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This book reports the earliest court decisions in Australia. It includes transcriptions of and extensive commentary on many of the case records of the New South Wales superior courts during the colony’s first forty years, 1788-1827.
These were years of famine, of battles with indigenous people, of convict rebellions, of the beginnings of bushranging and even of the only military coup in Australian history. Law was at the centre of all of this. Trade developed rapidly and with it a locally developed commercial law. Through these cases, we can see the slow development from law in the tents to law in the court room, from amateur to professional law.
Amongst notable cases reported are:
R v Barsby. The first English trial held on Australian soil. On 6 February 1788, the women of the First Fleet landed at Sydney Cove and Samuel Barsby celebrated too long and too hard. Two days later his drunken assault led to a sentence of 150 lashes.
Cable v Sinclair. The first civil action. Two convicts successfully sue for loss of their baggage during the voyage to Sydney and Judge Advocate Collins ignores the English common law rule of felony attaint. The uneasy relationship between Australian and English common law begins.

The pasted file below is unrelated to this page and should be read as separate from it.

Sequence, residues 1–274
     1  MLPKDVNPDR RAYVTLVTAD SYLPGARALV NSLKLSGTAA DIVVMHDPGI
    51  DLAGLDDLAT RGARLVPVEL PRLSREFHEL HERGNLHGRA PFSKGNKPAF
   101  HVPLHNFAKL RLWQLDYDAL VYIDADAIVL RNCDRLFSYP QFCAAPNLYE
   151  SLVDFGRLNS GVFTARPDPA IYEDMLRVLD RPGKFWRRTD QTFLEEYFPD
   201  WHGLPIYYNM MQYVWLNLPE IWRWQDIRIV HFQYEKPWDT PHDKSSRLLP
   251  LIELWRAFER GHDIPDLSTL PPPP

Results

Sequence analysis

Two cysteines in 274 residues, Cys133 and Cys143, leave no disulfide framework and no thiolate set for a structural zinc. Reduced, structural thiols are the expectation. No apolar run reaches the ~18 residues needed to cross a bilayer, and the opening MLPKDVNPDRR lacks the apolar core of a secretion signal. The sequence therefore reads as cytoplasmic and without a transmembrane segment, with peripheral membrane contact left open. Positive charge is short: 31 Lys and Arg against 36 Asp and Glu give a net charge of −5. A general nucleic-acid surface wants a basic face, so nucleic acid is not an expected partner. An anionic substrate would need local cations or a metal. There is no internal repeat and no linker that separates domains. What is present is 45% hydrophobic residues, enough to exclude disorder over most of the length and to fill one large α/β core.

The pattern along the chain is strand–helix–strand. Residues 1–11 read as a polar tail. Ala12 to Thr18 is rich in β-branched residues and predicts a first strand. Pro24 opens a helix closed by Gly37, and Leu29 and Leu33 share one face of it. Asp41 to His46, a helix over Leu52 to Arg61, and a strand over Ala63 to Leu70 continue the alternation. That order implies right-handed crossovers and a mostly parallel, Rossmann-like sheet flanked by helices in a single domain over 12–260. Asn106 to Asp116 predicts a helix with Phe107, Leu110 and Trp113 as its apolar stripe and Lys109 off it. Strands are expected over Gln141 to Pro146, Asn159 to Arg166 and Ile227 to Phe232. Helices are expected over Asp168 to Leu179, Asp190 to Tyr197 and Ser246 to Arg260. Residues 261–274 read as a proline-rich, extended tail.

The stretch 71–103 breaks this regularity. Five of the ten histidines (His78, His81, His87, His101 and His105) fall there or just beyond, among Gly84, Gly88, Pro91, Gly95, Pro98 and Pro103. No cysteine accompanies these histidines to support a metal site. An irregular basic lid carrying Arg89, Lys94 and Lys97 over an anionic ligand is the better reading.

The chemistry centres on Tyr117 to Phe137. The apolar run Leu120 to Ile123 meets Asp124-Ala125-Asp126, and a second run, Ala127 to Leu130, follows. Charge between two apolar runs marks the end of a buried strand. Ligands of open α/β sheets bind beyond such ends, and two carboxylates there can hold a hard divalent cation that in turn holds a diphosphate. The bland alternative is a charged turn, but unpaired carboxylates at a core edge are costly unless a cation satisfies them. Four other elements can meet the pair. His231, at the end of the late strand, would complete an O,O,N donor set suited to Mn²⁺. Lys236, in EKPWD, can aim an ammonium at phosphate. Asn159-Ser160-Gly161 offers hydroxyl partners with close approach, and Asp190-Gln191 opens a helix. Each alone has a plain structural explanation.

Boston v Laycock. Was New South Wales merely a prison, controlled by the military? Or was it a place of law, in which everyone, soldiers included, was subject to the same basic law?
R v Macarthur. The critical trigger for the coup against Bligh on 26 January 1808.
R v Mow-watty and Bioorah. The first Aborigine in the colony to be tried by a superior court and the first to be convicted and executed.
Henry v. Eagar; Eagar v Henry. A spectacular case concerned trade between a former convict, Edward Eagar, and King Pomare of Tahiti. The missionaries and Rev Samuel Marsden get involved and it goes all the way to the Privy Council.
R v Magistrates of Sydney. Should magistrates in Quarter Sessions sit with juries? The case has been described as “the first major constitutional case in Australian history”.